ADHD Drugs and How ADHD Drug Treatment Helps ADHD Adults
The same ADHD drugs commonly used to treat childhood ADHD work just as effectively in adults with the disorder. ADHD drug treatment addresses a deficiency in two important chemicals, dopamine and norepinephrine, found in the brains of those with ADHD. The stimulant medications, found highly effective in treating adults and children, balances the levels of dopamine and norepinephrine in the brain.
ADHD Drugs Available for Treatment of Adult ADHD
ADHD drug treatment options come in a variety of strengths and formulations, including time release, slow release, capsules, caplets, and medicine-delivery patches. Stimulant ADHD drugs include methylphenidate, dextroamphetamine and amphetamine salts. These ADD drugs are FDA approved for use in children. While most have not been FDA approved for use in treatment of adult ADHD, physicians do prescribe these ADHD drugs off-label to adult patients. (see Finding Adult ADHD Doctors Who Know How to Treat Adult ADHD)
Stimulant Class ADD Drugs by Brand Name:
The only non-stimulant ADHD drug treatment available to treat adult ADHD is Strattera.
Stimulant vs. Non-Stimulant ADD Drugs
The Pros and Cons of Stimulant ADD Drug Treatments
Multiple studies have shown stimulant medications as the most effective pharmacological treatments for both adult and childhood ADD. Research shows that two thirds of adults treated with stimulant ADD drugs have a significant reduction of ADD symptoms. The stimulant agents in these medications cause levels of norepinephrine and dopamine to rise in the brain. Experts believe that the normal levels of these neurotransmitters in the frontal cortex result in the increased attention and concentration ability.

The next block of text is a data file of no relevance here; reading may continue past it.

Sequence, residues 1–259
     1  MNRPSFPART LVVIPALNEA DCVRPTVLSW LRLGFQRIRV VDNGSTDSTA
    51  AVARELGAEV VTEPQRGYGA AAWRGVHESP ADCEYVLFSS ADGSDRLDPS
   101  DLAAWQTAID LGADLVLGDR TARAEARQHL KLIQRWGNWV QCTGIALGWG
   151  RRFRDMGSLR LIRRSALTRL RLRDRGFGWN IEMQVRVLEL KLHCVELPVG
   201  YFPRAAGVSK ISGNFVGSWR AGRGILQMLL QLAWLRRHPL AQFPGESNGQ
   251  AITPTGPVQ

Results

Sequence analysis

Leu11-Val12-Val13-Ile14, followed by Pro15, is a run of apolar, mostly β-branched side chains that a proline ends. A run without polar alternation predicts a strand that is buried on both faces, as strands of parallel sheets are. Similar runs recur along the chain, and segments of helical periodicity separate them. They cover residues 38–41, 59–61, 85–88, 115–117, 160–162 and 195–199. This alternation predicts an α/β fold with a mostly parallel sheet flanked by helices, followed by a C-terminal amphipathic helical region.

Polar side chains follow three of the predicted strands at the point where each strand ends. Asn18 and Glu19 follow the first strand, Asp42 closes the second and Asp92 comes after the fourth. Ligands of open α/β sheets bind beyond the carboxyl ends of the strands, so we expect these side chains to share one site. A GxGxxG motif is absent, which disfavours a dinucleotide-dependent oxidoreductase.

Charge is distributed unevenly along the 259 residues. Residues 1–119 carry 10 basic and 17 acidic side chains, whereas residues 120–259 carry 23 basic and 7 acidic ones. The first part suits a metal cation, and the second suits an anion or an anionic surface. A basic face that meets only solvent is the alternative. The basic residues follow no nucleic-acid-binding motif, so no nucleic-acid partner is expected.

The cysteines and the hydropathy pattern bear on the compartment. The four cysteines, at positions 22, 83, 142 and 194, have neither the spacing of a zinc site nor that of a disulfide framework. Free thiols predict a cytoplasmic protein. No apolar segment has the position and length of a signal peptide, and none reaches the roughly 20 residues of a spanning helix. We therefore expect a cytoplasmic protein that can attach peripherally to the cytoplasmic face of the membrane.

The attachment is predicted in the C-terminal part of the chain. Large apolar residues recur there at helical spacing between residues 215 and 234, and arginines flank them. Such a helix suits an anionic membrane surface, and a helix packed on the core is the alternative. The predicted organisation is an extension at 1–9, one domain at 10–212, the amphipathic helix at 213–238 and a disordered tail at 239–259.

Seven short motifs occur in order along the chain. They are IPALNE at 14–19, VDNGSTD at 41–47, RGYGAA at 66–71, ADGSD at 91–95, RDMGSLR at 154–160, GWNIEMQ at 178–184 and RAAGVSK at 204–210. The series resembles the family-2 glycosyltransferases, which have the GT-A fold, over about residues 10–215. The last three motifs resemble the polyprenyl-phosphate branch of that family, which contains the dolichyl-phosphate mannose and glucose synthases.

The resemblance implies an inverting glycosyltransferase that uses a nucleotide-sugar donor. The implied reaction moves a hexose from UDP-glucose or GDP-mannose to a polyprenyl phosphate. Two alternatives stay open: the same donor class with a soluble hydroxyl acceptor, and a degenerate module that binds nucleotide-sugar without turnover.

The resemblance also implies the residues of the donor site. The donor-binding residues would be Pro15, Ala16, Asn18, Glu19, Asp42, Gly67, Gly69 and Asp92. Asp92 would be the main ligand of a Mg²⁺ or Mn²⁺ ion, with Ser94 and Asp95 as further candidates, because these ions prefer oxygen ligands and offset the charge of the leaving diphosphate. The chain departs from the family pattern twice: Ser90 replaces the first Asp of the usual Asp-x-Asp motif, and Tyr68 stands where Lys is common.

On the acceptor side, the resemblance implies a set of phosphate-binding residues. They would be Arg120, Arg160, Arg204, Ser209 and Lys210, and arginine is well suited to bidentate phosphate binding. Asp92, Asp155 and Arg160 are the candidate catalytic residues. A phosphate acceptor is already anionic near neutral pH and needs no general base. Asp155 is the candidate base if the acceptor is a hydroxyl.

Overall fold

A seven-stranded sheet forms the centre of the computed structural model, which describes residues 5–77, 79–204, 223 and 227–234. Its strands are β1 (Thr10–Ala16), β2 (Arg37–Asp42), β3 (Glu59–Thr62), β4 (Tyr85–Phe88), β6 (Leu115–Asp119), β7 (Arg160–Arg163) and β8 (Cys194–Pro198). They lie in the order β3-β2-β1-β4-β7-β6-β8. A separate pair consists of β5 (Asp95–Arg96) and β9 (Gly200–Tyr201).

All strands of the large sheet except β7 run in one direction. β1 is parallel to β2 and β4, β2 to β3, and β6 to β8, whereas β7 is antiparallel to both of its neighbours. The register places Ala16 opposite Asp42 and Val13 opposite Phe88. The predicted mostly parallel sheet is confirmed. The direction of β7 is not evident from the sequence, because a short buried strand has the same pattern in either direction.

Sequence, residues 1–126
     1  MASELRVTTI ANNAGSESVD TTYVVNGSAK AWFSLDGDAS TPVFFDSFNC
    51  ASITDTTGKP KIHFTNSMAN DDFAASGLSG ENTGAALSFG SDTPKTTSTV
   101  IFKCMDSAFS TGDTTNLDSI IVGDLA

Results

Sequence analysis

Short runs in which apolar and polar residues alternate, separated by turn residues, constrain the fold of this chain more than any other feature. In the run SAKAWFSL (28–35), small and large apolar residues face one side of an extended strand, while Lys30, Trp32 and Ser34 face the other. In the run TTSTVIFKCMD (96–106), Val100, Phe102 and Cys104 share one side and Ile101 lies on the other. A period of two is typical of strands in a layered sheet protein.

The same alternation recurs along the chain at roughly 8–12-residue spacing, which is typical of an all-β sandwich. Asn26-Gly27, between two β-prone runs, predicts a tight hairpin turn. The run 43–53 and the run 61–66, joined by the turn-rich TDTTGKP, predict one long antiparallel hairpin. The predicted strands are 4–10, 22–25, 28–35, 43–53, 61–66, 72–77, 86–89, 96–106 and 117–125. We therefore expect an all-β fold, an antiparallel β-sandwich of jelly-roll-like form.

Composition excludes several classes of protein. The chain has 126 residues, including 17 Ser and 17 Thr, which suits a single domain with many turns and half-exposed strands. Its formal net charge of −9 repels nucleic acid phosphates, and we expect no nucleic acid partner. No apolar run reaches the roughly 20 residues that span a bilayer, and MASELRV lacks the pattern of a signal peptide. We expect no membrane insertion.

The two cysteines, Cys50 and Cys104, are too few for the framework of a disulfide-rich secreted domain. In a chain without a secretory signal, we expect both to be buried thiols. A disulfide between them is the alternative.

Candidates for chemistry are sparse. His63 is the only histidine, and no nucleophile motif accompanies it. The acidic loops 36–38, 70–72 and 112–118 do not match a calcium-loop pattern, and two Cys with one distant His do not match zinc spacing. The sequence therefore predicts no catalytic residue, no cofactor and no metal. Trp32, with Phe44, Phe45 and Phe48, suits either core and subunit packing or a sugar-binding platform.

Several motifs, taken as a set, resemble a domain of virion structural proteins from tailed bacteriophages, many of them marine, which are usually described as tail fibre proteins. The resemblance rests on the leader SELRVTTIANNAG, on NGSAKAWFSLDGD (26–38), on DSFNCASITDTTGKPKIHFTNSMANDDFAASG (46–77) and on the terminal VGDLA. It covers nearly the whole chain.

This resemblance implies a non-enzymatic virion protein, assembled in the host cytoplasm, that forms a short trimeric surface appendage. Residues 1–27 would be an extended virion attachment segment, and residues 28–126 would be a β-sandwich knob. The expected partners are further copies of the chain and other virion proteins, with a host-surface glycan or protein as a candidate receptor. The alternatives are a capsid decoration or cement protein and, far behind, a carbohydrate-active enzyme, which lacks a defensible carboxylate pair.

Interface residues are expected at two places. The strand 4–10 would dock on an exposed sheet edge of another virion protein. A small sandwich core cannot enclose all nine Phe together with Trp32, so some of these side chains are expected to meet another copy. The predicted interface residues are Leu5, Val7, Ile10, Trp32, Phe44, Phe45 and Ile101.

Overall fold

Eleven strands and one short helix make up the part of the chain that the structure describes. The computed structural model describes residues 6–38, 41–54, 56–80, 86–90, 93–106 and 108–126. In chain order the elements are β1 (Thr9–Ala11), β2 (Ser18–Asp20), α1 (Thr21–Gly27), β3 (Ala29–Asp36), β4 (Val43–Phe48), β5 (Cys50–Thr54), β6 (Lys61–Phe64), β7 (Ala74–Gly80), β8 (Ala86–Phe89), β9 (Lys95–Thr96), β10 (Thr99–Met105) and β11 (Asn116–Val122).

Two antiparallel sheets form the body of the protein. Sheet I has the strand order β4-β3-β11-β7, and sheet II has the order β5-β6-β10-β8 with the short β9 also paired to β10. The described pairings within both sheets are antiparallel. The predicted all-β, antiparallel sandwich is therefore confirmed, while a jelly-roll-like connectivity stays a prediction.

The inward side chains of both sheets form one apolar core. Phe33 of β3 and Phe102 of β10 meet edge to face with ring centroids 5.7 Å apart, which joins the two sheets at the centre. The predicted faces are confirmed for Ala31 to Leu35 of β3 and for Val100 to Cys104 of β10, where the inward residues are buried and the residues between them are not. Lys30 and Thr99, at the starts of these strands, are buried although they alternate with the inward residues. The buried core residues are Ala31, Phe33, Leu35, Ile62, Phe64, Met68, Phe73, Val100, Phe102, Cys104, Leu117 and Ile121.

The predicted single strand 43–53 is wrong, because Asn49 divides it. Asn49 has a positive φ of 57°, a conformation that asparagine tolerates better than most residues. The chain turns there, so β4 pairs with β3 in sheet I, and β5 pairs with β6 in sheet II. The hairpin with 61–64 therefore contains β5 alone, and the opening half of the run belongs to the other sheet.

Stimulant ADD drug treatment has the potential to cause hypertension in patients, particularly in adults. Doctors must monitor patients with high blood pressure very closely when initiating treatment with stimulant medications. Patients beginning a course of stimulant ADD drug treatment frequently complain about sleep disturbances and insomnia. Although this usually subsides after taking the medication for a couple of weeks, sometimes it does not. Since stimulant-based ADHD drugs are classified as C-II controlled substances, physicians should carefully consider the high potential for abuse when prescribing them to patients with a history of drug or alcohol abuse.
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The Pros and Cons of Non-Stimulant ADHD Drug Treatment
Atomexetine, sold under the brand name Strattera, is the single non-stimulant ADHD drug treatment available in the U.S. Research indicates that patients can safely take the drug over long periods of time with minimal side effects. While it is effective, studies show it to have considerably less success in reducing adult ADD symptoms than stimulant drugs. Typically, patients must take non-stimulant ADD drugs for up to four weeks before noticing significant improvement of symptoms. According to a study published in the 2008 issue of the Journal of Attention Disorders, a group of about 400 adults experienced an over 30 percent decrease in ADHD-related symptoms while taking Strattera for four years.
Straterra affects the levels of norepiniphrine in the brain, bringing them up to normal levels; whereas, stimulant drugs affect levels of both dopamine and norepinephrine. The FDA does not classify Straterra as a controlled substance, since the drug has a much lower potential for abuse. Still, Strattera can result in rare, but dangerous, side effects. The label warns of an increased suicide risk in children and possible sexual and urinary issues for adults.
Adults who have a history of substance abuse, or who do not respond well to stimulant treatments, may consider trying a non-stimulant ADHD drug treatment, such as Strattera. Patients can obtain refills for the drug over the phone, making it far more convenient than the controlled class of stimulant drugs. Adults with no substance abuse history and who desire fast-acting relief should talk to a health care professional about starting on stimulant ADHD drugs.
Last Updated: 10 February 2016
Reviewed by Harry Croft, MD